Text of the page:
(Reuters) - The family of Swedish DJ Avicii, who was found dead last week in Oman at the age of 28, said on Thursday that he struggled with life and “could not go on any longer.”
In their first comment on his death, the cause of which has not been disclosed, the family said in a statement: “He really struggled with thoughts about Meaning, Life, Happiness. He could not go on any longer. He wanted to find peace.”
The statement appeared to suggest that the electronic dance musician and producer took his own life. His U.S. publicist, Diana Baron, declined to comment further.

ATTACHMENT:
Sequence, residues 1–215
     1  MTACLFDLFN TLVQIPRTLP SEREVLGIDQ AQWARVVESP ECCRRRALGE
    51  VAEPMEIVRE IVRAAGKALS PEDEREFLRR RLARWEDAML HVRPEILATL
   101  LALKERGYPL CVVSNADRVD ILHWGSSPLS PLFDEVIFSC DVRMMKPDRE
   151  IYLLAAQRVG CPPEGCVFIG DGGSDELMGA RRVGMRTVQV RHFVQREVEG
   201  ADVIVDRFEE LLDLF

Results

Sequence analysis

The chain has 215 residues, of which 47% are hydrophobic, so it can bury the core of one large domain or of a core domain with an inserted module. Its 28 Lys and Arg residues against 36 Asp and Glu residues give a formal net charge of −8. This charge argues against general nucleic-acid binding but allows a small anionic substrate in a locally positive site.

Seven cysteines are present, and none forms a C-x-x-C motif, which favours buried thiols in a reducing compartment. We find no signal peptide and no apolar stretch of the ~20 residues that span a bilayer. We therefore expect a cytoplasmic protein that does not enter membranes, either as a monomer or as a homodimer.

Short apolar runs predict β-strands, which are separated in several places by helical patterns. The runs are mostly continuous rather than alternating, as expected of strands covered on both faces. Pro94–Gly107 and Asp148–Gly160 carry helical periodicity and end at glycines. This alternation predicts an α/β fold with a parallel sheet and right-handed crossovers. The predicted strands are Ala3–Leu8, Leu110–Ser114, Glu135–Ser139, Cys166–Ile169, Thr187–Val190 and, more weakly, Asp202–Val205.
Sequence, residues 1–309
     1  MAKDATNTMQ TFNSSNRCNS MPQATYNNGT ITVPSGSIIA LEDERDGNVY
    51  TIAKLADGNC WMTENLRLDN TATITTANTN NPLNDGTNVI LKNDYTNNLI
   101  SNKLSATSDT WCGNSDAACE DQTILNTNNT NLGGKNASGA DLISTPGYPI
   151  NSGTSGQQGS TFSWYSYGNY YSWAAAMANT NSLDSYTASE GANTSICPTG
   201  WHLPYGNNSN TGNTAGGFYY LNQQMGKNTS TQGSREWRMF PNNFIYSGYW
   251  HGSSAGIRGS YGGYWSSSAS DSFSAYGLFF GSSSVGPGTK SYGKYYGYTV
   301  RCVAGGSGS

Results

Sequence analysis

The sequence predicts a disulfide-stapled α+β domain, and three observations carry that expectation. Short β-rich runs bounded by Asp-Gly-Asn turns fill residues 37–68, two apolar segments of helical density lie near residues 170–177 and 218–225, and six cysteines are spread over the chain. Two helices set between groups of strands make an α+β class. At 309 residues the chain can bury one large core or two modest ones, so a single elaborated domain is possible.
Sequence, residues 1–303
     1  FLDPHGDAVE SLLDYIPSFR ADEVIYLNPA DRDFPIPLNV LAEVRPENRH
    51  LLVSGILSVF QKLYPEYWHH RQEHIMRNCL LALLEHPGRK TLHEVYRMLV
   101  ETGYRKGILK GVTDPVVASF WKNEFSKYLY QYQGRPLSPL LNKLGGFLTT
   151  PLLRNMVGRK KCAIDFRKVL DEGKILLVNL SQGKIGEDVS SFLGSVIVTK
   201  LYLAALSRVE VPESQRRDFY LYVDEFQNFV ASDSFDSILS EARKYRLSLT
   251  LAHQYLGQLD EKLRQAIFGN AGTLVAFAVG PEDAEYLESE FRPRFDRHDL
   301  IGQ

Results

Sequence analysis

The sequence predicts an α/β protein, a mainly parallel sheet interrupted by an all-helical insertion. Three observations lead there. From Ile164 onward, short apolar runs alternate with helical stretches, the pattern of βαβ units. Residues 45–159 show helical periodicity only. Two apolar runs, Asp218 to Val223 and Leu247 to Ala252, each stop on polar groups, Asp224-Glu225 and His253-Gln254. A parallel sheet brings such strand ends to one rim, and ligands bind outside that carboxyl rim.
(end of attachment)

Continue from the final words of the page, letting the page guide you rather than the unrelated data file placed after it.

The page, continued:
Avicii, whose real name was Tim Bergling, was one of the biggest stars of electronic dance music (EDM). He was found dead in Muscat, Oman, last Friday but no cause of death was released.
Avicii, known for international hits such as “Wake Me Up” and “Hey Brother,” announced in 2016 that he was retiring from touring, citing the demands of the lifestyle.
“Our beloved Tim was a seeker, a fragile artistic soul searching for answers to existential questions. An over-achieving perfectionist who travelled and worked hard at a pace that led to extreme stress,” the family’s statement said on Thursday.
“When he stopped touring, he wanted to find a balance in life to be happy and be able to do what he loved most – music,” it added.
Avicii’s death shocked the music world, particularly in Europe.
Church bells played one of Avicii’s biggest hits in the Swedish capital Stockholm on Tuesday.
Reporting by Jill Serjeant; Editing by Susan Thomas